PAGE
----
- He was awarded a bar to his gold medal for exceptional services.
- A bar to his military medal was awarded in July of the following year after he had been promoted to sergeant.
- Further awards of the same decoration were shown by a bar on the ribbon of the cross or medal.
- His monumental canvases, with their interlocking bars of earthy colour, reflect his early life as well as later influences.
- He pulled on the headlights, and the beams cut into the darkness, solid bars of light in the smoke-filled air.
- I look at the bars of light coming in through the blind.
transitive verb -rr-
- 1 (secure) she found the door barred against herse encontró con que le habían atrancado or trancado la puertaExample sentences
- The rest of you will remain here, bar the doors and windows, and afterwards stay well away from the windows.
- We quickly shut and barred the two doors and the window, and dispatched the three hornets that followed us in.
- The doors had been barred shut, then pried open, allowing us to slip inside.
- 2 (block)(path/entrance)a tree was barring our wayun árbol nos cortaba or bloqueaba or impedía el paso
- 3 (prohibit)(smoking/jeans)to bar somebody
fromsomethingreporters were barred from the meetinghis criminal record bars him from the jobse excluyó a los periodistas de la reuniónsus antecedentes penales le impiden acceder al puestoExample sentences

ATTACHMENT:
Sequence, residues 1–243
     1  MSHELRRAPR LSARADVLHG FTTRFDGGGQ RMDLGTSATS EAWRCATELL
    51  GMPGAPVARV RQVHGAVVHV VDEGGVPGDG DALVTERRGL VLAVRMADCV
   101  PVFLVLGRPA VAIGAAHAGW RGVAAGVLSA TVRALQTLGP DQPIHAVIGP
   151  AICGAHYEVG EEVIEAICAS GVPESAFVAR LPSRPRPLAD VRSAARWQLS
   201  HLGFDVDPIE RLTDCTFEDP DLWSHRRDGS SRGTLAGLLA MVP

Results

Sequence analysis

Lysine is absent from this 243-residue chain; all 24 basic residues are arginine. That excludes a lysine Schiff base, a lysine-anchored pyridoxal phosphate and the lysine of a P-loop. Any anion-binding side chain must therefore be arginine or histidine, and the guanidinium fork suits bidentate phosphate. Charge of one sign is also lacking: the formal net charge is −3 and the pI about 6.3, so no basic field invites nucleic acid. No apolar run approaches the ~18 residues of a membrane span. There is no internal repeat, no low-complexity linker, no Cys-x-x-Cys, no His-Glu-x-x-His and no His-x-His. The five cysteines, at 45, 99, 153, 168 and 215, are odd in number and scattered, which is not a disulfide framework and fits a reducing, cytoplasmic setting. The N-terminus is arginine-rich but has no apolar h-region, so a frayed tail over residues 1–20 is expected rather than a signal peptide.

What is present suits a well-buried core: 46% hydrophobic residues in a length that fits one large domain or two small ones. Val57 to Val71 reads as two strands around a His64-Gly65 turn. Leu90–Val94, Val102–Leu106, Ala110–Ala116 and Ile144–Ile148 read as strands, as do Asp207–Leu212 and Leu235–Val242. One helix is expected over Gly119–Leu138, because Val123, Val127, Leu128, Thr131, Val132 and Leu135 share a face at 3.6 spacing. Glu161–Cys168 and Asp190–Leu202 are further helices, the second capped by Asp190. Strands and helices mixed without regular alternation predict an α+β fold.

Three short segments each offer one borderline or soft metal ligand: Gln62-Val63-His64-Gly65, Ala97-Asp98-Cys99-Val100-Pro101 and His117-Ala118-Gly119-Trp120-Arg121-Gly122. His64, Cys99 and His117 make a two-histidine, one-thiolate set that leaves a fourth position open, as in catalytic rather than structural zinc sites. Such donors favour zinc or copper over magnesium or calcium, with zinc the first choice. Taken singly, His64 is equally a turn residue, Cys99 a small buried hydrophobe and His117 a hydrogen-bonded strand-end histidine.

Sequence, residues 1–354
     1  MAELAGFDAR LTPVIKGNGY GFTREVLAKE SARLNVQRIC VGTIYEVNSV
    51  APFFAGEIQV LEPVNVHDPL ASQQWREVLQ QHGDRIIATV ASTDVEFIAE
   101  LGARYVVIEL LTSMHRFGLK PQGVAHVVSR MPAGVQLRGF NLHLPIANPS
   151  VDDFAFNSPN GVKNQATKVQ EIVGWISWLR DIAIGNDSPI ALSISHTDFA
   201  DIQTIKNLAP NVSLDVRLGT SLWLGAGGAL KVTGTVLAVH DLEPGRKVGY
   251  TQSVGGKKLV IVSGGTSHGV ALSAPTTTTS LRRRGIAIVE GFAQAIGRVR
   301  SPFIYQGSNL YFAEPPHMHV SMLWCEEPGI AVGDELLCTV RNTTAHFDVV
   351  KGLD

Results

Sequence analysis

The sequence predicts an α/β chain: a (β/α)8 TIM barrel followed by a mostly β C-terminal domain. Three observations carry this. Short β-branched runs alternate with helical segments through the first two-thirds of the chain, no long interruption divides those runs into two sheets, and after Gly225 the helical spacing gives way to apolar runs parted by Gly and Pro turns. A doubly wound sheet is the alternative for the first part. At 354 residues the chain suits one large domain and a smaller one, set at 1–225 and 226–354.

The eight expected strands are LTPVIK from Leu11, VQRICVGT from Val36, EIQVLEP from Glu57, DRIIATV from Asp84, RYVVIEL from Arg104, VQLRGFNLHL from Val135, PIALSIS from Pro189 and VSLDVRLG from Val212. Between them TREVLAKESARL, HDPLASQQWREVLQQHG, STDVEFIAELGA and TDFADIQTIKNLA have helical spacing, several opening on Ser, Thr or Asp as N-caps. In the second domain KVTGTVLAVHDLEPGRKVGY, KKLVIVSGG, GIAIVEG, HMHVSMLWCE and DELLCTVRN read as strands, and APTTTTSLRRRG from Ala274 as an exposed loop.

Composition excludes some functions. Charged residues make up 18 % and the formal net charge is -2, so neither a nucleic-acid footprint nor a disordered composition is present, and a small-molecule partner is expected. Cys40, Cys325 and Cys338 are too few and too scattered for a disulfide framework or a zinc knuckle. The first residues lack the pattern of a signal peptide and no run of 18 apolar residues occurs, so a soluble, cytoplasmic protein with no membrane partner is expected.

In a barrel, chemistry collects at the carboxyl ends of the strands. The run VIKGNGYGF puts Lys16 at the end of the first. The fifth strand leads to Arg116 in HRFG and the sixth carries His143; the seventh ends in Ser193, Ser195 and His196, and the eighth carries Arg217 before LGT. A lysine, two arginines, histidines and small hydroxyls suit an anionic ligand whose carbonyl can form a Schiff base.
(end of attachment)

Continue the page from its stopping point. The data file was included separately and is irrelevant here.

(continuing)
- The 1986 World Cup hero was barred from leaving Argentina after family members blocked his early efforts to return to Cuba.
- Another measure to limit consumption was a return to the ‘carless’ days of the late 1970s when one day a week a vehicle owner was barred from using his or her car.
- He spoke out after two frail and elderly patients were left alone and distressed waiting hours for ambulances to take them home after their wives were barred from travelling with them.
- So it can come as a shock to discover that some of these activities can be barred to them as the years slip by.
- There is now hardly any sphere of activity legally barred to women and, in this sense, every male bastion has been stormed.
- He does not smoke, drink or take drugs, so those recourses would have been barred to him.
- 4 (stripe) (usually passive)dibujar franjas enExample sentences
- The backs and wings of females are finely barred with light and dark brown.
- Its back is speckled with light markings, and its tail is barred with black.
- The upperparts are brown with a black patch streaked with white, and the tail is barred with black.
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In some parts of Spain, the name given to a weekly open-air flea market where all kinds of items are sold is a rastro. The name El Rastro as such refers to a very big market of this type held in Madrid at weekends.